A story could have been told of Pearl Harbor, focusing on some of the Naval personnel who fought back, heroically and effectively, if not triumphantly. Instead of giving center stage to a pair of Army Air Corps Pilots.

Of course, this plot wouldn’t have been able to include the Doolittle Raid. But, I’m not sure that the Doolittle Raid should have been a major part of a movie called “Pearl Harbor.”
That’s why I hate the film, and have it near the top of my “Most Infuriating Films of All Time” List. But I don’t expect everyone to share my prejudices. I think that it’s fair for me to say it’s a bad film, for all the reasons above - but I’m sure I can find other films that are far worse, if one edits out some of my own prejudices.

*The cameo where Admiral Kidd shows up to get killed just doesn’t count to my mind.

**CDO - Command Duty Officer, the person who acts as the captain of a ship when the official captain is not aboard. It’s a watch position, not a permanent title. If the Executive Officer is aboard, he’ll often have that duty, but other officers can take the duty.

*** It’s normally more proper to refer to Donald Kirby Ross by his final rank of Captain. But by using his rank at the time of the attack, I mean to emphasize I’m talking about his actions and situation specifically around the attack at Pearl Harbor.

One of my main irritations about is: they interviewed an old lady I know who was a nurse at Pearl Harbor and they interviewed several other surviving nurses from Pearl Harbor, supposedly for accuracy purposes. Not only did they disregard the interviews in terms of accuracies, but the nurses (Anna, the one I know, and another lady I saw the tape of) told them fantastic stories about the attack:

*Anna was in the hospital herself recuperating from appendicitis and knew something was wrong when the coffee cup on her metal tray started rattling at (what she soon knew) was the approach of the Zeroes-

*Pearl Harbor being a naval town had no shortage of prostitutes. The hospital was obviously not set up for an attack of this magnitude and obviously needed everyone they could get, and one of the nurses happened to see an Asian prostitute, told her in hand signals/Pidgin English to get some of the girls to help, and that prostitute told her madam who called other madams, and by day’s end there were more prostitutes in the hospital than nurses, all of them working their buns off to help the wounded

*Anna told of taking a drive with a lieutenant and chaperone a few days after the bombing and as they passed a pineapple field a damaged Zero took off just over them, evidently having been stranded during the attack and somehow repaired (though how they’d get back to a carrier is an interesting question)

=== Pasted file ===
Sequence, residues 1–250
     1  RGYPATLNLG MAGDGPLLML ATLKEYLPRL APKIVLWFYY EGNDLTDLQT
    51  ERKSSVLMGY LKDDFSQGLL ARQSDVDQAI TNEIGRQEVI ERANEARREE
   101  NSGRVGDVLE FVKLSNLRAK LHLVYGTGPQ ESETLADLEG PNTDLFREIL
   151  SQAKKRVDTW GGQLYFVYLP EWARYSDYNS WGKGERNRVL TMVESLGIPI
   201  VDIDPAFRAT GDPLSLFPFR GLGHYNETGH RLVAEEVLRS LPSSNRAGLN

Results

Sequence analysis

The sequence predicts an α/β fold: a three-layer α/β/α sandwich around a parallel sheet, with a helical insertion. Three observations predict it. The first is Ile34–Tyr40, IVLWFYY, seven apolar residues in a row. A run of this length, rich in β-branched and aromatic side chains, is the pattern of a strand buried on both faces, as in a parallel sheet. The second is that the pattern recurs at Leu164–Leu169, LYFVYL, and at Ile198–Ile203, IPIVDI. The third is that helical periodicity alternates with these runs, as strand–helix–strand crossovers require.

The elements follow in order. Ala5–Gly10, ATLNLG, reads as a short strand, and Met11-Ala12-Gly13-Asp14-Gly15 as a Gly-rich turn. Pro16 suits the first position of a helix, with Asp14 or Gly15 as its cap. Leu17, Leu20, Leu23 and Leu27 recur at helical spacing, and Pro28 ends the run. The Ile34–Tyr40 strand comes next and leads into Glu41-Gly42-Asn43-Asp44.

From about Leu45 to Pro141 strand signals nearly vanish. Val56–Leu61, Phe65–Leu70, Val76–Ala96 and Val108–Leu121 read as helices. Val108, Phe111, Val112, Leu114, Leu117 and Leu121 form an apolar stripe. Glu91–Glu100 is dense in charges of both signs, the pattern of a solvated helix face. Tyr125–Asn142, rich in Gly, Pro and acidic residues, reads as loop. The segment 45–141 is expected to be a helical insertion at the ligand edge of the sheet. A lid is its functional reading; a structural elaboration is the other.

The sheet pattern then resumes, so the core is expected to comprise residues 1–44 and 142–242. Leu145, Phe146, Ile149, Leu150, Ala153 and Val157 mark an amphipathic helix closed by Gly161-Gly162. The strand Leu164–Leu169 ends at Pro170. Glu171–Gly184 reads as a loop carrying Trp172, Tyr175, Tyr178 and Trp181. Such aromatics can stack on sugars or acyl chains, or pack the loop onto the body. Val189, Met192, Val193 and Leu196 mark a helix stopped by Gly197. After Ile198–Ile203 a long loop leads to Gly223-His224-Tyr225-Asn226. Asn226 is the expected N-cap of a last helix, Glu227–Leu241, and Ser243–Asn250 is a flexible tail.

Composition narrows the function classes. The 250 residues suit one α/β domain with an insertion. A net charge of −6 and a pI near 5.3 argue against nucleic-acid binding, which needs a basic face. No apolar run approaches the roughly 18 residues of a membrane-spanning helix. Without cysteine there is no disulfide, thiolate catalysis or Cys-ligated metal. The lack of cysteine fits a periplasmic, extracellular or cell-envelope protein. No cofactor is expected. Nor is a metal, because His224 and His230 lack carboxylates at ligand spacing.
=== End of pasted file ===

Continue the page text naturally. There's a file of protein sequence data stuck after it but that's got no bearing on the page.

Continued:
*One nurse told about a wounded black soldier being brought into the hospital, one of the senior nurses observing that “the colored ward is over there…” and a doctor taking a few seconds out of his “quite busy” day to tell her to shut the hell up that today was no time for nonsense regulations

ALL of these actual eye witness accounts would have worked in the movie. Instead they filled it up with a nonsense love triangle and lots of historical inaccuracies, Cuba Gooding being kind of squeezed in as Doris Miller for no obvious reason other than Gooding’s an Oscar winner and Miller existed (“meanwhile in another movie”), and they disregarded the nurses’ stories about their relations with the pilots. (1941 was not like 1981- unmarried nurses were forbidden to date anyone other than officers, and even for officers they had chaperones, and this was strictly enforced- violation could result in your immediate shipment home.)

Most irritating inaccuracies to me were

1- the Doolittle raid over Tokyo (it did not include anyone who was in the air at Pearl Harbor)
2- FDR/Voight’s “Nothing’s impossible!” proclamation as he heroically rises on his crippled legs to the shocked admiration of his cabinet (fact: FDR’s cabinet knew he could stand, he stood when he gave the “day that shall live in infamy” speech- his braces and canes supported him. It was walking he couldn’t do without major assistance.

Not only did the romantic plot take over the movie; it was a terrible story in itself. I hated every single one of the characters involved. If you want to shift the focus of the story then don’t shift it onto something that bad.

I think if they’d shaved enough off the turgid piece of shit that it is that it might have worked alot better. When did long and dull become equated with epic? I see this in alot of films, some more editing would work wonders.

For god’s sake the last thing Michael Bay needs to do is more editing. He’s already got the average shot length in his movie down to less than four seconds. If he does any more editing his films will look like strobe lights.

Well cutting out most of the scenes then.